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Biscuit (Noun) : A person who is willfully ignorant and almost certainly incompetent

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The Bitter Failing of Tammy Corn

I must have been a senior in high school when our government and economics teacher, Mister Clements, approached me one day and asked if I’d be interested in tutoring a student who was not doing very well in class.

This after school duty would pay the princely sum of $5 per session and each session would last about 30 minutes.  Since my job at Pizza Hut was paying me a mere $3.50/hour I was glad someone finally was going to pay me what I was worth. For those of you don’t know me well yet, that’s some pretty high-level sarcasm.

Then he told me that the student was a young girl named Tammy Corn.  To say that Tammy didn’t run in any of the usual popular cliques, including most that I belonged to, would be an understatement.  I knew who she was (I knew who everyone one was in the entire school, it wasn’t that big) but I didn’t know much about her other than she was, well, “slow.”

In today’s world we clearly know much more about people with learning disabilities which, in hindsight, she clearly had.  Of course, my immaturity and narrow worldview didn’t help me in understanding that a bit.  I don’t even think I was familiar with the term in those days.  Frankly I’m not sure at the time that the teachers did either or that my small school had the proper resources to help someone like Tammy.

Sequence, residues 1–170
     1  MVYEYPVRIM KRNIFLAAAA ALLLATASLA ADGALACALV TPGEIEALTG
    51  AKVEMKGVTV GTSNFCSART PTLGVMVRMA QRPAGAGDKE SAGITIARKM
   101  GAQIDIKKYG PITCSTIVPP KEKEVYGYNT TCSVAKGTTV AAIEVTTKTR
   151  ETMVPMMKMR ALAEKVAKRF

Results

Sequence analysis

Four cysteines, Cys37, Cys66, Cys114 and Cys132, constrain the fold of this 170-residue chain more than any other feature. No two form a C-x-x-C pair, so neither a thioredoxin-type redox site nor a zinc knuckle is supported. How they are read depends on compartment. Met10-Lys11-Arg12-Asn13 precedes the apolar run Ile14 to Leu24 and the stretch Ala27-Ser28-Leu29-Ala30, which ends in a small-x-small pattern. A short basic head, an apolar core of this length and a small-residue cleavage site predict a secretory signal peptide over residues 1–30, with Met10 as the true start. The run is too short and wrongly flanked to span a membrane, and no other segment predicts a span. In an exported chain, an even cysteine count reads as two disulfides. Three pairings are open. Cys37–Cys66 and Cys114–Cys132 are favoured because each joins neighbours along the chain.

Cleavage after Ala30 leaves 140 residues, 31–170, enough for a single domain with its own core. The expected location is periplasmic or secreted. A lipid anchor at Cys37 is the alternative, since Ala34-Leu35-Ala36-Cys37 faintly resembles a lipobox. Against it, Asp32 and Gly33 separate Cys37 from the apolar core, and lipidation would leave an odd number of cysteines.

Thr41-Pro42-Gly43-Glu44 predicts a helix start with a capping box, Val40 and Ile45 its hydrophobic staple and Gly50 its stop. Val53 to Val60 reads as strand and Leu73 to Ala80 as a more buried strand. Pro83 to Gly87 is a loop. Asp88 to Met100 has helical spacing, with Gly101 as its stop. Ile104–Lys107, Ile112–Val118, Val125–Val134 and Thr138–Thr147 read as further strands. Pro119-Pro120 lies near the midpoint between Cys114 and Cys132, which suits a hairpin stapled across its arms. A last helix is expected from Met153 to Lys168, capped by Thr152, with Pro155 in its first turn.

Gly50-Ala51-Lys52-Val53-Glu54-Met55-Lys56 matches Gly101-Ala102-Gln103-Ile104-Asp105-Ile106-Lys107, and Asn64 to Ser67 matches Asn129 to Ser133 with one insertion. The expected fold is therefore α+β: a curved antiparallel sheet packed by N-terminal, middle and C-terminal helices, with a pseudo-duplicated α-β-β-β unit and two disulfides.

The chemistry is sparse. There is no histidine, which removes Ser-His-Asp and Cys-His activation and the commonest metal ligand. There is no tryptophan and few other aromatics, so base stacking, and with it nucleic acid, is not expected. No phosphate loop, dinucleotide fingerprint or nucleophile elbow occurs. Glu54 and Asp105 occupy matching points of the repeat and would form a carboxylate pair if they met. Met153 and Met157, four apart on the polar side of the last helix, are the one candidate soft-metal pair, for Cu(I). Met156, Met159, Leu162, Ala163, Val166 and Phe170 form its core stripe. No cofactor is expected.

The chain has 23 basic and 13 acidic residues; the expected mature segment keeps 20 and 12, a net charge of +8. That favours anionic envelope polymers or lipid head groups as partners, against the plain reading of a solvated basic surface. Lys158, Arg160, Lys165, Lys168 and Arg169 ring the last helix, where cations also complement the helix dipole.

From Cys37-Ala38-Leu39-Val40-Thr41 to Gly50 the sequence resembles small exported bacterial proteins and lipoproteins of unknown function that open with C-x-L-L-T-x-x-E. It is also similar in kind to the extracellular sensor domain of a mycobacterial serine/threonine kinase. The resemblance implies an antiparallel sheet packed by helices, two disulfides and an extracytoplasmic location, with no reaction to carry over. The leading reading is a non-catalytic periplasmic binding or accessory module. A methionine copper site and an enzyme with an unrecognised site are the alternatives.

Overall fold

Not being a total asshole and frankly needing the money I happily took the assignment and didn’t really give much of a shit about any of my friends giving me grief about it.  Most of them knew I’d kick them in the balls if I got irritated enough so nothing was really said.  Also, at the time my girlfriend was 21 and could buy us beer, and none of them wanted to fuck that up.

So Tammy and I got together for her first session after school one day. She eagerly got out and handed me a $5 bill.  Cash money!  No way was the IRS going to find out about this!